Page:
Gut Bacteria Affect Mental Health

Sunday 23 July 2023

Our colon contains trillions of bacterial cells which make up a unique ecosystem known as the gut microbiome. When the gut bacteria becomes imbalanced (dysbiosis), your mental health can be affected. 

1. Better diversity in microbiome composition is good for mental health

There's a link between gut bacteria and depression. The more diversity in healthy bacteria, the better it will be for your body and mental health.

2. Low butyrate is bad for the brain

Butyrate is a short-chain fatty acid that is essential to the body and is produced by good gut bacteria. Research shows that butyrate might help you grow new brain cells, prevent inflammation and improves mood. One way to help butyrate production in your body is by eating probiotics.

3. Vagus nerve communicates with brain and aids digestion

The vagus nerve connects your gut and brain and aids digestion by helping food move through the digestive tract, stimulates the release of digestive enzymes and tell the brain when you are full. The connection between gut and brain plays a vital role in mental health and even IBS. When the vagus nerve is impaired by stress, it fights inflammation less effectively and negatively affects the balance of gut bacteria.

4. Healthy gut encourages more happy hormones

Gut microbes transform food into short-chain fatty acids, which then communicate with cells to produce serotonin, a neurotransmitter and hormone that regulates your mood, including anxiety and happiness. Eating the right foods with lots of variety helps to feed happy bacteria, which increase mood-lifting chemicals like serotonin and GABA.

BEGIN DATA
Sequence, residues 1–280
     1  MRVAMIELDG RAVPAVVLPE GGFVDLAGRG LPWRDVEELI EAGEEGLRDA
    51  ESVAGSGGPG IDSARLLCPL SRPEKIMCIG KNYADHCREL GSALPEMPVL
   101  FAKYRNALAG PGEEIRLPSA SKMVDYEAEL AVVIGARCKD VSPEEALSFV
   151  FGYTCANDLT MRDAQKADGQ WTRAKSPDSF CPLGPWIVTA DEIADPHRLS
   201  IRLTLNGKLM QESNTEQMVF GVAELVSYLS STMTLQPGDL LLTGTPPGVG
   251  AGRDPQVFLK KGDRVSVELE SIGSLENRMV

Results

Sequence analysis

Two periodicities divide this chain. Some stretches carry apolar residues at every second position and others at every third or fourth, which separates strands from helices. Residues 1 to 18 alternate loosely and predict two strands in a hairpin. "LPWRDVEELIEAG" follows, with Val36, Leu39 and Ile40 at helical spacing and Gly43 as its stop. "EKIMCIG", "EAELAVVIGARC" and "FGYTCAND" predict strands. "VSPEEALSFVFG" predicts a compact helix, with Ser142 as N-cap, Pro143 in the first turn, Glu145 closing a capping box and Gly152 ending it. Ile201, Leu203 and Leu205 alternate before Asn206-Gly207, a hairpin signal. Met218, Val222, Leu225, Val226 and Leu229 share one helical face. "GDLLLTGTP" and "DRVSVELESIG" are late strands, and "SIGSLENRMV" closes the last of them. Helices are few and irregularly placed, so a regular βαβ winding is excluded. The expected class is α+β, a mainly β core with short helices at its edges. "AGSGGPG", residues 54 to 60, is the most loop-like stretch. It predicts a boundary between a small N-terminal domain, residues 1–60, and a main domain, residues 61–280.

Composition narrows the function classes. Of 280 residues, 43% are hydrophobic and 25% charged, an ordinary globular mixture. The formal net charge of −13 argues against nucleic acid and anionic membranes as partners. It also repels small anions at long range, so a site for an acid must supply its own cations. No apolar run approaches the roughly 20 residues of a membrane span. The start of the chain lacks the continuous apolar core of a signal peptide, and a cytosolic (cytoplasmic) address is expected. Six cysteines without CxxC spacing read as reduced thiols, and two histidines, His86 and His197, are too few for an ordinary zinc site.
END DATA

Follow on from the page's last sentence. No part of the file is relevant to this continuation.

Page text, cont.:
5. Gut bacteria influences depression and inflammation

When you are in a state of dysbiosis (imbalanced gut bacteria), harmful microbes will seize the chance to proliferate. Your body responds by alerting the immune system, which prevents the opportunistic bacteria from taking over by triggering inflammation. The problem is that inflammation can contribute to depression. So, controlling inflammation can help to improve both mood and anxiety levels.

6. Probiotics can reduce depression

Probiotic food (kimchi, yoghurt and kefir) or supplements (Bifidobacterium, Lactobacillus and Lactococcus) increase diversity in your gut bacteria. Studies show that probiotics can help reduce the symptoms of depression.

7. Eat prebiotics to nourish probiotic bacteria

Prebiotics are nourishment for the gut bacteria, and help them transform into short chain fatty acids and vitamins. Some common prebiotic foods include:

- Prebiotic fiber eg. mushrooms, onions, berries, garlic, barley, rye and corn.

- Resistant starches eg. grains, plantains, legumes, potatoes, green bananas and seeds.

- Polyphenols eg. soybeans, apples, red wine, cocoa, tea and onions.

Consuming prebiotic foods is also linked to a reduction in anxiety and improving mental wellbeing.

Balancing your gut bacteria can make you happier

The connection between the gut and brain is an example of how changes in one part of the body can influence another. An imbalanced gut microbiome is the culprit for mental health issues. Research indicate that changes in gut microbiome and inflammation in the gut can affect the brain and cause symptoms that look like Parkinson's disease, autism, anxiety and depression; and taking probiotics and prebiotics can have positive effects on these symptoms and stress resilience.

(Source: 9 ways that your gut affects mental health, Starhealth, 28/11/2021)

Which Prebiotics and Probiotics to Choose?

Choose Lactoberry probiotics. 

Why? This 1-minute video shares with you 5 benefits:

Lactoberry contains 2 types of Bifidobacterium probiotics and many other ingredients. Click on this link to get details on the unique ingredients, their benefits and functions:

How to Order? 

A box of 30 sachets of Lactoberry probiotics costs RM70 for Malaysian members.

Click on this link to register and then you can proceed with your order.

Email me at if you need help. I am an Authorised Distributor.